Archive 4 min read

How To Deliver Tough News

Sometimes you have to deliver really bad news. It's not your fault, but you're the one on the hook. How do you deliver it? How do you deliver it without getting mired into the downside?

How To Deliver Tough News

Watch this episode on YouTube.

Reasonably Accurate 馃馃 Transcript

Morning everybody. How are you doing today? Um Welcome to the show.

As you can tell from the background, it's a little bit different.

It's gonna be a little bit quicker today because I am here at Sect in Toronto um about to kick off with uh the second day keynote at 9 a.m.

So that's why I'm pushing this out early. That's why you can see. I'm actually right up on stage sneaking a couple of minutes to talk to you in today's uh show. I really want to talk about delivering tough messages. So I'm actually ironically, that's just me, love it. Uh For those of you on the podcast, I just popped up screen, which is super cool. I've been really excited to be here at this conference. One of the things that I find really tricky and this is sort of the key of the keynote is delivering hard messages.

Sometimes there's bad news, sometimes you have to deliver something that people don't want to hear. Now, that sounds really interesting in the context of where I am today and about to deliver a keynote to 1300 security professionals, but it's important. So Today, I'm talking about security culture. I'm talking with the constraints and perceived constraints and sort of the organizational design, the technology choices that have come out of those constraints and whether or not we should be questioning them.

Now, I don't think it's a bad topic. I've got a ton of data, a ton of research to support all these points, but it is a message that's going to run sort of counter to what people are used to. It takes them out of their comfort zone. And this is something that happens quite often, especially in security. Your day to day, you're going to be talking to the board, you're going to be talking to users, you're going to be talking to business units and tell him about probably bad stuff, right?

You're going to be coming and tell them that there's an insecure design or that customer data was exposed or any number of bad things and how you deliver that message is absolutely critical. Now, I'm no expert, but I will share some of my opinions on it and some of my views on it as I will vote to do this to a massive room full of people. The key is really sticking to the facts, sticking to the data and making a structured argument and taking the personalization out of it.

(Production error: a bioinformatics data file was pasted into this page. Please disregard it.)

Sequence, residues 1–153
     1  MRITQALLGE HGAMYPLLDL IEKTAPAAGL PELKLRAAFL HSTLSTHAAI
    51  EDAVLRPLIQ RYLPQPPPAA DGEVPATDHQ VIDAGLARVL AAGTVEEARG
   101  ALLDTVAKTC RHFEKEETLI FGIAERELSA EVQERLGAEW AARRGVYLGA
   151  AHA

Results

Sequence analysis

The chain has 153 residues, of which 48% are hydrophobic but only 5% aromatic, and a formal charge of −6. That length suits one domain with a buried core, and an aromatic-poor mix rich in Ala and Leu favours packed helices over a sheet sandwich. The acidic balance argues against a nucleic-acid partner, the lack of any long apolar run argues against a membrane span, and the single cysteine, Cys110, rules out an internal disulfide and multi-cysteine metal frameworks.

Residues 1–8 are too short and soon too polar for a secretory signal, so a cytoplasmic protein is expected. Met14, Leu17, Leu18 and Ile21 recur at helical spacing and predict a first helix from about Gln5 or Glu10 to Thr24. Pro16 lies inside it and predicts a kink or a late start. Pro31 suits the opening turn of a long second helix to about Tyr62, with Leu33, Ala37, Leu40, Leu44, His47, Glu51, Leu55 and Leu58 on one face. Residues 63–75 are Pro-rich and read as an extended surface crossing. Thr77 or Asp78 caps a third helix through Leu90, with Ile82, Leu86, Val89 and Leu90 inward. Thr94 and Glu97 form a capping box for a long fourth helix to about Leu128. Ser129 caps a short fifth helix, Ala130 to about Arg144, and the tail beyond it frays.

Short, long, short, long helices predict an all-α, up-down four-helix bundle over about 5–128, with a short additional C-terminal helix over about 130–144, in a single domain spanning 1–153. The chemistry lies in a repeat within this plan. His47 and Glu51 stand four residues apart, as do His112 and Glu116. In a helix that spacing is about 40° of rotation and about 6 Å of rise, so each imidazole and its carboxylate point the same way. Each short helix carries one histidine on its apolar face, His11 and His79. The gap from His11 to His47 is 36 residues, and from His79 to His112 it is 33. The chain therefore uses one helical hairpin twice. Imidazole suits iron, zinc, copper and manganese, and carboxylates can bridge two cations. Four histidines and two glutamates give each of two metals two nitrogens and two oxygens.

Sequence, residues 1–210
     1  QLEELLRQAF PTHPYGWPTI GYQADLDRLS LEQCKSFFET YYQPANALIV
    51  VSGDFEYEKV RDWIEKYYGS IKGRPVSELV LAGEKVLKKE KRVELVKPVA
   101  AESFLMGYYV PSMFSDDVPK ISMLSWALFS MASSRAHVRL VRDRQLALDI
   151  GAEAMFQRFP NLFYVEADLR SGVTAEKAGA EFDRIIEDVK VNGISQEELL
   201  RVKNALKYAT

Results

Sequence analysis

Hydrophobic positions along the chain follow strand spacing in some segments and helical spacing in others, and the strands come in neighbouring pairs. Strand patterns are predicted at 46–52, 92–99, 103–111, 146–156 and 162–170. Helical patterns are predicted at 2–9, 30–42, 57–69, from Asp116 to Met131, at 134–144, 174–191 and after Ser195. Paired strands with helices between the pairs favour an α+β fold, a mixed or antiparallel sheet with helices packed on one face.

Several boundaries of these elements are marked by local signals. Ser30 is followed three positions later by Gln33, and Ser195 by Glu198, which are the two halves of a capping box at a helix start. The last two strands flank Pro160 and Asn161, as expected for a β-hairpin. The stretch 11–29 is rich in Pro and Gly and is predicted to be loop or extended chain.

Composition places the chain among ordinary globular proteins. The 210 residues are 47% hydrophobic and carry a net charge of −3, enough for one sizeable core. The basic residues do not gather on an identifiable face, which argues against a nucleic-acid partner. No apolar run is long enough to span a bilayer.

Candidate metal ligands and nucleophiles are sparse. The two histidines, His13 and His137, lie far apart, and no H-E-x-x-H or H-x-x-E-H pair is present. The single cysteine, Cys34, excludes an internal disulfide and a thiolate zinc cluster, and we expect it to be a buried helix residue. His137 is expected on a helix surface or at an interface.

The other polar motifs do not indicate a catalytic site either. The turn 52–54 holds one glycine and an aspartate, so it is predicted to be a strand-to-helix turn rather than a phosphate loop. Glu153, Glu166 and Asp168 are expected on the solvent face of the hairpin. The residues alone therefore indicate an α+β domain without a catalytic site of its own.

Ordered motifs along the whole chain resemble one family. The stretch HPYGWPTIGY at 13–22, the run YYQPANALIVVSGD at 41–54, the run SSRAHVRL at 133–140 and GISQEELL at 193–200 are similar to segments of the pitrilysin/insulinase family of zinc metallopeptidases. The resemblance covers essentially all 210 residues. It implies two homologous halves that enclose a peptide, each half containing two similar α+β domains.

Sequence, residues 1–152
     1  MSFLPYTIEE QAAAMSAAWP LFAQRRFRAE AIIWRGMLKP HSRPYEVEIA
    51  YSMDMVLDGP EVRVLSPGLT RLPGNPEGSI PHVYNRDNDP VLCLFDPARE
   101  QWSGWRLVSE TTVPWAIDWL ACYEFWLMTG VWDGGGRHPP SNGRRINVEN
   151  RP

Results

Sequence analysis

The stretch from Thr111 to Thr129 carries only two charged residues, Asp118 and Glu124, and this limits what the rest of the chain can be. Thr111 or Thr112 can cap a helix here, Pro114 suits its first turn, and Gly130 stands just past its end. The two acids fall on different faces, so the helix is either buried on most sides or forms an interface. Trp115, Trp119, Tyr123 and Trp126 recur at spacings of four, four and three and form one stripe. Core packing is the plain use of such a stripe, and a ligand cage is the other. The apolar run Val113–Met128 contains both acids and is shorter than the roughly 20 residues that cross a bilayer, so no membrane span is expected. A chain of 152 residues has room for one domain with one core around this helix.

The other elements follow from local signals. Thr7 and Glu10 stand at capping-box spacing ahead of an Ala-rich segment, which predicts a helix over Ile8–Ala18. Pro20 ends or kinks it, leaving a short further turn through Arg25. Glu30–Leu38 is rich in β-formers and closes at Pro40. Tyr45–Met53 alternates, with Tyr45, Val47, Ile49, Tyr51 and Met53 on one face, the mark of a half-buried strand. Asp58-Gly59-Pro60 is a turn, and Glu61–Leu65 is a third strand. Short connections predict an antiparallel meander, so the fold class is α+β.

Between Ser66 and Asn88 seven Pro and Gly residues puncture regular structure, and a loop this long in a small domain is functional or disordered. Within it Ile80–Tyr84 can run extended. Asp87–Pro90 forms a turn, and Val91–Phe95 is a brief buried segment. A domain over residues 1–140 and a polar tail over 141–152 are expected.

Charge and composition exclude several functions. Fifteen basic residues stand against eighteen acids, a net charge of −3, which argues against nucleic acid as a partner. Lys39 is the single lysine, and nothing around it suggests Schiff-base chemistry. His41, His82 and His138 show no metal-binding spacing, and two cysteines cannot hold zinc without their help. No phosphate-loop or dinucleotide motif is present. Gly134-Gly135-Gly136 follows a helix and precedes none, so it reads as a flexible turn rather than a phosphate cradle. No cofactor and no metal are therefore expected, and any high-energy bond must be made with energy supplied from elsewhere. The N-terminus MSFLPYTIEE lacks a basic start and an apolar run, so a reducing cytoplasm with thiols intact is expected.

So not blaming people. I'm not saying, you know, this is your fault, this is why it's a problem, but explaining the choice not to encrypt data at rest has less this exposure. And previously, when we did the risk evaluation here is why we made this choice or here, you know, the risk evaluation wasn't done whatever the context around that information is and making sure that you take the personalization out of it. As soon as you make it personal people will get defensive and they're not going to listen to the information because it's a tough sell.

Anyway, you're telling them bad news, you're telling them something has been a mistake or something has hit the fan. So sticking to the data absolutely critical. It's something we're going to be doing today. Also keeping it light hearted. So, you know, I'm not going to be sitting here just yelling at people though. I'll probably get energetic about it. I'm going to try to keep it as humorous as possible. I'm going to make sure that the information is delivered in a compassionate and empathetic way, but also a light hearted way where appropriate.

Absolutely critical, where appropriate. And then other that last, the last point is really around that word I just said is empathy. People are honestly trying to do the best job possible. So this is a scenario I deal with all the time when people are talking about security vulnerabilities being created in code. And my answer is always the same very simple thing that I've never met a developer who woke up and said I'm going to go write crappy code today.

They're trying to do their best and humans make mistakes. So, being empathetic and understanding and demonstrating that empathy when you're delivering a tough message really goes a long way. Now, I could just be talking out like, you know what we'll see. It's going to be interesting. I'm broadcasting this about 45 minutes before the keynote fingers crossed that the keynote is accepted. Well, that it resonates that it gets the point across.

We'll see. I'll talk about it online later. Hopefully, people will be talking about the delivery and the message and the talk. If you follow the hashtag sc, you'll see in real time how it's going and of course, I'll follow up on tomorrow's show. So that's it. How do you deliver tough news? How do you tackle these challenging subjects in a group discussion? How do you make sure that you're empathetic? How do you make sure that you can stick to the data and depersonalize it?

Let me know, hit me up online at marknca in the vlog in the comments down below. And as always for podcast listeners and everybody else by email I hope you're set up for a fantastic day. I'm set up for an exciting day. Um I'll see you uh talk to you online, hopefully here at Sect in the show today and I will see you on the show tomorrow. Have a great One.

Read next